C. J. Bartunek received her PhD in English from the University of Georgia and her BA from the University of Southern California. Her writing has appeared in The Smart SetPacific StandardThe Big Roundtable, and elsewhere. 

Three Levitations: Julia Elliott on Rapture

Toward the end of my short story “Rapture,” a small, wizened, evangelical grandmother called Meemaw, after speaking in tongues and describing the End Times in lurid detail, levitates for a few glorious seconds before plopping back down upon the stained …

Julia Elliott’s writing has appeared in Tin House, The Georgia Review, Conjunctions, the New York Times, and other publications. She has won a Rona Jaffe Writer’s Award, and her stories have been anthologized in Pushcart Prize: Best of the Small Presses and Best American Short Stories. Her debut story collection, The Wilds( Tin House Books, 2014), was chosen by KirkusBuzzFeed, Book Riot, and Electric Literature as one of the best books of 2014 and was a New York Times Book Review Editors’ Choice. Her first novel, The New and Improved Romie Futch (Tin House Books, 2015), was a finalist for the Southern Independent Booksellers Alliance Prince of Tides Literary Award.

Refugee Architecture and Other Systems of Daily Experience

Amze Emmons’ graphite, gouache, and acrylic works present dilapidated urban spaces in various stages of re-composition, from a razed lot boasting only concrete rubble and an abandoned ice machine (Having Fled Already) to a shantytown fully “developed” out …

Amze Emmons holds a BFA from Ohio Wesleyan University and an MA and an MFA from the University of Iowa, and he is currently an associate professor at the College of New Jersey in Ewing Township. He has had numerous solo and group exhibitions at venues including Works on Paper Gallery in Philadelphia, Kesting/Ray in New York, and OHT Gallery in Boston; his work is in collections ranging from the Baltimore Museum of Art to the Tama Art Museum in Tokyo. He is a co-founder of the art blog, and currently resides in Philadelphia.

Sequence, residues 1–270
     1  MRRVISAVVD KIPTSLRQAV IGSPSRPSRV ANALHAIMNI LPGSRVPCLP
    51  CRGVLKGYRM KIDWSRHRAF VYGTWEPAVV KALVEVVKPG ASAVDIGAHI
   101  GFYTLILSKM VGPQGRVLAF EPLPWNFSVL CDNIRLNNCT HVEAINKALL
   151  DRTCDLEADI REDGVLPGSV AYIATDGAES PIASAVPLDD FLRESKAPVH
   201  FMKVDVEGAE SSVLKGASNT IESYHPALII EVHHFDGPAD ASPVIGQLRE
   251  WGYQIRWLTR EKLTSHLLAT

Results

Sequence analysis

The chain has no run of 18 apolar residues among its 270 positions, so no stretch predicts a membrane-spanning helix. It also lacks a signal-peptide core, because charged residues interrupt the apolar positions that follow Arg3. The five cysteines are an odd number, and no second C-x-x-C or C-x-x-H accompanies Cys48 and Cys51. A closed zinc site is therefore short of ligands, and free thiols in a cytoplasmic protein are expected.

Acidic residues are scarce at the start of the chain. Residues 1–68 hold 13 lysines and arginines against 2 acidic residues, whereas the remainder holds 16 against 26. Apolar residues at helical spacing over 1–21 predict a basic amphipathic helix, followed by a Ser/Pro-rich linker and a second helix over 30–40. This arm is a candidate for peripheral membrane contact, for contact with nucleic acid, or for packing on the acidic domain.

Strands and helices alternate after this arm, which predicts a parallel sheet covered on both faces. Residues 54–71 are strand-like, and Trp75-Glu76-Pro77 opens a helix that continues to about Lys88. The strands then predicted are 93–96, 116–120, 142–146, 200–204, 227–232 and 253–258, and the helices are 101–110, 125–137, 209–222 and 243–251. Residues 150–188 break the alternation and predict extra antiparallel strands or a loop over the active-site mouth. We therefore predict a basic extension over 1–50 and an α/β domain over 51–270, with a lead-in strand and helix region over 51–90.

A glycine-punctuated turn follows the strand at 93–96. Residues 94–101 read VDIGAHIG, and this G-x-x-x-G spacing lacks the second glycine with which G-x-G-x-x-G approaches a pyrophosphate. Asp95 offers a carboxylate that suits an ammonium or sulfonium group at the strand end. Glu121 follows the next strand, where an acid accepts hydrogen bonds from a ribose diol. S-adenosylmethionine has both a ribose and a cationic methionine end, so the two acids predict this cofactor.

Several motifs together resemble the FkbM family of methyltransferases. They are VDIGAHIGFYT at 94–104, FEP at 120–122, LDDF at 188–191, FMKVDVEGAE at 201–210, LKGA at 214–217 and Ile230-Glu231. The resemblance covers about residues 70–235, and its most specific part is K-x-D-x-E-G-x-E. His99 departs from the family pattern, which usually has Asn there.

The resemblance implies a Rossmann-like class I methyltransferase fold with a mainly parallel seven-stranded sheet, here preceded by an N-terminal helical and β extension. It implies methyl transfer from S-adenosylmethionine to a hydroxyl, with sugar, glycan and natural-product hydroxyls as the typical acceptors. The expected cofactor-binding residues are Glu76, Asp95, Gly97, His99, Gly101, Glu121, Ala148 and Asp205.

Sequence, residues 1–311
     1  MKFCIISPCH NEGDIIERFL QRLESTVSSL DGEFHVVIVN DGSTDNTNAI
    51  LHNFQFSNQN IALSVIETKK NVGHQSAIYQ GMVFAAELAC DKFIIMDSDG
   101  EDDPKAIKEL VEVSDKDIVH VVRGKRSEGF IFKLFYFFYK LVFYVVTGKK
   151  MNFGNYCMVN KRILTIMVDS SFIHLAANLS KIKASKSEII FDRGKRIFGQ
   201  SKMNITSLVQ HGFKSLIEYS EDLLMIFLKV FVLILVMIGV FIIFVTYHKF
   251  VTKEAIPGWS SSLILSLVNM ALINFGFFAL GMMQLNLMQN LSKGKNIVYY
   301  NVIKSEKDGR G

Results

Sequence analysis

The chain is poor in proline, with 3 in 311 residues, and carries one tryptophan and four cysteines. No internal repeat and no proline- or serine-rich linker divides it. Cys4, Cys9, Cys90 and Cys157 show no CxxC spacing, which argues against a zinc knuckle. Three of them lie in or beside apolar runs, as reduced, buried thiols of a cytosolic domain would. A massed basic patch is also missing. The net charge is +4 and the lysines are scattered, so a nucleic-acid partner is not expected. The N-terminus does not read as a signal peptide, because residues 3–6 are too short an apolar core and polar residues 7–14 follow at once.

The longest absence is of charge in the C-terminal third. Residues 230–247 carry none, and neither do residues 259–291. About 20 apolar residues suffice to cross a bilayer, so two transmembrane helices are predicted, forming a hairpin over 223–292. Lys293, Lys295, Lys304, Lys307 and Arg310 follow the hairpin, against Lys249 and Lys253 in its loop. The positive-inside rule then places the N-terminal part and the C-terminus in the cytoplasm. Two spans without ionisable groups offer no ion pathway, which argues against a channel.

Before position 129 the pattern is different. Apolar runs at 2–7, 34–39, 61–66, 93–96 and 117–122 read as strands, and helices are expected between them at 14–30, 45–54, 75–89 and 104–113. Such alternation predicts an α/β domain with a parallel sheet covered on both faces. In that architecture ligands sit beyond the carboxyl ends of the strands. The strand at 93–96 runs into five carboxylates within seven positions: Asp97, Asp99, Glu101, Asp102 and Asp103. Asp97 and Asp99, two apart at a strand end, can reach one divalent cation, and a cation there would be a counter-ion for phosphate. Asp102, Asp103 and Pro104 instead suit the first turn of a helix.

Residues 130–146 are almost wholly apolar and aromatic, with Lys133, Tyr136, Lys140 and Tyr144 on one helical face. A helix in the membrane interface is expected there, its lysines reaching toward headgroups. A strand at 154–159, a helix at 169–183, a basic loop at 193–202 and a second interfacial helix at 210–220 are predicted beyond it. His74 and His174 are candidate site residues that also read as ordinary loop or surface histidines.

on Flannery O’Connor: The Cartoons edited by Kelly Gerald

When early twenty-first-century readers imagine Mary Flannery O’Connor, they are prone to think of her as perpetually ill, wearing black-rimmed wing glasses and sitting on her porch at Andalusia, crutches leaning against the wall beside her rocking chair, her face …

Matthew Bryant Cheney earned his BA from Carson-Newman University and this May will complete his MA in literature and cultural studies at the University of Tennessee, where he has focused on post–World War II American literature and written a thesis titled “Flannery O’Connor and the Mystery of Justice.” He lives in Knoxville, Tennessee, with his wife, Ashley, and their Rottweiler/German Shepherd mix, Nina.

Breaking It


From boredom, a way to keep …

Mary Hood, 2014 inductee to the Georgia Writers Hall of Fame, is the author of the novel Familiar Heat (1995) and the short-story collections And Venus Is Blue (1986) and How Far She Went (1984). A new collection of stories, A Clear View of the Southern Sky, is forthcoming from the University of South Carolina Press in 2015.